Ibrahim Hyderi: Where children chew gutka and await their turn to eat

This crowded town has been deserted by the government, abandoned of literacy and polluted with all forms of abuse.

Ayesha Sadaf Khan July 10, 2013
Enter Ibrahim Hyderi.

From the foul and putrid smell that contaminates the air to the alleys upon alleys of shanty mud erections, this 4,000 year old basti (town) will leave you despondent. It has been deserted by the government, abandoned of literacy and polluted with all forms of abuse: child, drug and health. Its inhabitants lead a very dismal existence indeed.

This crumbling and dilapidated town is home to a staggering 50,000 Pakistanis.

As the rocking waves settle against the sweltering sun, a string of fishermen’s boats line the docks. The effortless beauty is deceiving for while Mother Nature may majestically rock against the shores she has all but deserted those who call this basti their home. Uneducated women live out their lives with meagre employments and too many children until they succumb to the overwhelming demands made of them. Their fate: either another statistic for maternal mortality or barely surviving to see their children stuck in the same cycle of poverty that has destroyed them.

To live here is to either die or be buried alive by the forsaken nature of their existence.

The strong stench of fish feed coming from the adjacent factories envelopes the air that surrounds them. Children prowl the streets chewing on ghutka, waiting until they become eligible for child labour. If you look carefully, you will find barely lit sweatshops hosting children who sit weaving carpets in the sweltering heat. These nimble hands are home to bright minds yet unjustly deprived of their right to be within the more colourful walls of a classroom.

The classrooms here are another disheartening circumstance. For the scanty number of children who attend school, there is an absence of teachers, resources and proper sanitation. It is unsurprising that this poor quality of academic learning does not allow its pupils to break free from the shackles of stagnancy that have imprisoned this basti for centuries.

How can one be expected to achieve progress without awareness?

How can this basti be expected to move forward from its unfulfilling fishing livelihood and the same ghutka paans if its inhabitants are blithely unaware of their basic rights as human beings?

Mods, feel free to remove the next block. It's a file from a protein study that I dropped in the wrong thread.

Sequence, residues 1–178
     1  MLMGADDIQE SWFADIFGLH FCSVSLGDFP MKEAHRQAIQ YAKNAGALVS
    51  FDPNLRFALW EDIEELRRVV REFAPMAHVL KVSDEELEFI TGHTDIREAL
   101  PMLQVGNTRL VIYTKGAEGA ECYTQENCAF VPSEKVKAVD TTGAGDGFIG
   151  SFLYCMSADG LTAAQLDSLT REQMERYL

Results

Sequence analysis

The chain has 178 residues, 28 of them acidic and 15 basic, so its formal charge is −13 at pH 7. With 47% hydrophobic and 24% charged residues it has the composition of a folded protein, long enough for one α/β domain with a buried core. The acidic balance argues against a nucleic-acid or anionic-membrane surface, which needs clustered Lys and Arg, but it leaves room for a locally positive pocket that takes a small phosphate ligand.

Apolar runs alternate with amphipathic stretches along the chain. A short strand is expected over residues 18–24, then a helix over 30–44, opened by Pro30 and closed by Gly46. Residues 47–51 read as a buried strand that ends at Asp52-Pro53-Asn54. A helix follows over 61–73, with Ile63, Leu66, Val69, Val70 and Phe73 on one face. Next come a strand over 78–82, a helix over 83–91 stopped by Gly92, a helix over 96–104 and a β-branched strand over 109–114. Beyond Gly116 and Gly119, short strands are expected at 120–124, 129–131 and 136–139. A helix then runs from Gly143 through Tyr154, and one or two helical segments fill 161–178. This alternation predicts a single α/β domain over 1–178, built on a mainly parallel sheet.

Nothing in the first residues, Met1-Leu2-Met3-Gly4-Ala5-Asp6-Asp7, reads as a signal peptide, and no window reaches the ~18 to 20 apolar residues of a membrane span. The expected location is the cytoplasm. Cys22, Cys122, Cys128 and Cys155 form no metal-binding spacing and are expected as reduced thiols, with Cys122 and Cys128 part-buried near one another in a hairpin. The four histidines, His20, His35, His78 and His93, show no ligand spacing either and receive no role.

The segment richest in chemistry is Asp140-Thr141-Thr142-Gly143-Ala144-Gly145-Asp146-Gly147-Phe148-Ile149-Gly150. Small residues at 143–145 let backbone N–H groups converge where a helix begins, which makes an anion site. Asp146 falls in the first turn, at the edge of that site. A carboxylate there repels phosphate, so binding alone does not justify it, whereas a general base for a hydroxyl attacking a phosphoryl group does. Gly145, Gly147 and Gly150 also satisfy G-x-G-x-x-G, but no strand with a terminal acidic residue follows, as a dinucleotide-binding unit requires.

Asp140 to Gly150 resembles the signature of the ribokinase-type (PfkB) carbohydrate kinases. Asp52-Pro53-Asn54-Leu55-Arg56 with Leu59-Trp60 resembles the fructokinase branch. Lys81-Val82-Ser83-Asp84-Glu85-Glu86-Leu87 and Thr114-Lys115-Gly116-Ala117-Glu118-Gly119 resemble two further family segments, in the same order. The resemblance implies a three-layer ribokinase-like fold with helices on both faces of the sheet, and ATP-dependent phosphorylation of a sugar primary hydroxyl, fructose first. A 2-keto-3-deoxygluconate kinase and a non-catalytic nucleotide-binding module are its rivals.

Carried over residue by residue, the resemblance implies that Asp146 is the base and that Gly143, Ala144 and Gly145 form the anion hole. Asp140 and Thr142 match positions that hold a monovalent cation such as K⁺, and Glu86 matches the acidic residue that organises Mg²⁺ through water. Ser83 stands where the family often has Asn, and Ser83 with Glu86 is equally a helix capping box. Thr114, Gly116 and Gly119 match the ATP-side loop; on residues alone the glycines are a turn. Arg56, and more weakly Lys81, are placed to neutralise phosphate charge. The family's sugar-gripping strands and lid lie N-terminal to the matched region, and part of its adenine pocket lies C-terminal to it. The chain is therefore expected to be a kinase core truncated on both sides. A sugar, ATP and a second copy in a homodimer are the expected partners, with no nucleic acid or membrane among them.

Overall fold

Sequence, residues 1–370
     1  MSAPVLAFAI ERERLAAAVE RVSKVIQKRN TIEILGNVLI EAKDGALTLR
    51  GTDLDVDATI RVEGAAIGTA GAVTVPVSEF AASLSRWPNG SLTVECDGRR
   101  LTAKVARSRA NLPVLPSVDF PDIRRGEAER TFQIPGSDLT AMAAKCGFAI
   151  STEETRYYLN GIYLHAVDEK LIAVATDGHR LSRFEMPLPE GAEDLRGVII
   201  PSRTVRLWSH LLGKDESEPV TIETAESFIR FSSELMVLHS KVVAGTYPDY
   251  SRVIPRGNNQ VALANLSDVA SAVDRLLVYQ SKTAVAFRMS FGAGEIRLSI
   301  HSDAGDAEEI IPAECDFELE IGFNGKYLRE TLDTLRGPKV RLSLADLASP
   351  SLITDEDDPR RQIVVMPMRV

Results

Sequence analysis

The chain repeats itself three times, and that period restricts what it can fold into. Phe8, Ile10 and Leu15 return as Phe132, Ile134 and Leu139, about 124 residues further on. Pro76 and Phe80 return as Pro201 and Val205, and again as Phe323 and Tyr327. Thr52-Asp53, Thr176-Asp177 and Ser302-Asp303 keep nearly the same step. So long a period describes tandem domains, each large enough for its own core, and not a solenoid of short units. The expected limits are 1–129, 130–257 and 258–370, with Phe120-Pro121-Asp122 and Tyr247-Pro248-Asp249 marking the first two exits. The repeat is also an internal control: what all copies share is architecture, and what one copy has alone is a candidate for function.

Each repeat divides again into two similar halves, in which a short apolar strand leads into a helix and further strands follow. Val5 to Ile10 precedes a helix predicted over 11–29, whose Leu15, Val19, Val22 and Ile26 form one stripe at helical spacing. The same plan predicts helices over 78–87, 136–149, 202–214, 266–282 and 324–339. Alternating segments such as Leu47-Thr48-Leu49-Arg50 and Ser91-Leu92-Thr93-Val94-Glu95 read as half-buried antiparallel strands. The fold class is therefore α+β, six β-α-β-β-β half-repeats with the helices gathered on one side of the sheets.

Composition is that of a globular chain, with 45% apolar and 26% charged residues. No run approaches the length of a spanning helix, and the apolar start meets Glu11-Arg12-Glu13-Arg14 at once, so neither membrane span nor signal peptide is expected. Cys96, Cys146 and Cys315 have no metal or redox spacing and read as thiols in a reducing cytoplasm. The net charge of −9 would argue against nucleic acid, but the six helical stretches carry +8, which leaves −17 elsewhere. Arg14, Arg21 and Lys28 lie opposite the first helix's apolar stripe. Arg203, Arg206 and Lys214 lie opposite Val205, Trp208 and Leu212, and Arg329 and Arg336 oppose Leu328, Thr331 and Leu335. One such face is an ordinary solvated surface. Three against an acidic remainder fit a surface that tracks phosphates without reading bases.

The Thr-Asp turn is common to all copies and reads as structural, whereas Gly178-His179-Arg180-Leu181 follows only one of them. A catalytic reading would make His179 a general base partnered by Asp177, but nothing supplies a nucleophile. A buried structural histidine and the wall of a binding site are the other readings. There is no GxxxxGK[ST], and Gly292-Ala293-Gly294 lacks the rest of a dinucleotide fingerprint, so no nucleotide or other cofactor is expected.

Fathers do not know that it is an injustice for them to force their sons into labour instead of sending them to school as they themselves were never educated at school. Mothers have never known a life beyond rearing children and caring for their houses day after day after day.

And the children? A community health worker sadly recounts the story of a child who felt faintish at school because it was not her turn to eat in the morning.

This is their reality.

One cannot help but wonder: what is the impetus that arms humans with desire and hope?


A phenomenon that has not found a home in this age-old basti. Here, amidst the tiny paan shops, the weaving children and the disgusting stench of fish feed, education is unwelcome. Governments have come and gone, martial coups have ruled and dictated and yet everybody ignored Ibrahim Hyderi. No initiative has ever been taken to decrease the staggeringly high percentage of child labour and no money has been invested to develop the uninspiring government school that lurks in a dirty corner.

As you leave, you will not miss the MQM banners or the ANP signs and the driver will not forget to inform you that you are making your way through ‘Benazir Chowk’. And as if a bad joke was turning sour, on the outskirts of this basti is a wall with a prominent ‘PTI’ painted over it. So much for jazba (fervour).

Where is the ‘roti, kapra, makaan’ (food, clothing, shelter) for the girls who are dying of anaemia after delivering children they are too young to carry?

Where is the ‘tsunami’ and the promise of inqilaab (revolution) for the young boys who fish instead of playing cricket on their streets?

Where are the haq-parast (worshippers of truth) when the people of this basti are so deprived of their basic rights that they are unaware of their right to possess them?

Jeffrey Archer once wrote:
“We all suffer in our different ways from being prisoners of birth.”

One can only wonder- what did the people of Ibrahim Hyderi do to suffer this existence?

And then comes the sinking reality. This basti is so oppressed by life and its leaders that it is hopelessly unaware of a world without these sufferings.

Photos: Reuters.
Ayesha Sadaf Khan Born and raised in Karachi, Ayesha is a sophomore at Smith College, USA. She tweets @ayeshasadafkha1 https://twitter.com/AyeshaSadafKha1
The views expressed by the writer and the reader comments do not necassarily reflect the views and policies of the Express Tribune.


Aisha | 10 years ago | Reply @Nishant: the same nerve that you just used to comment!
C M Naim | 10 years ago | Reply Thank you Ayesha Khan for researching and writing this piece about these long neglected human beings.
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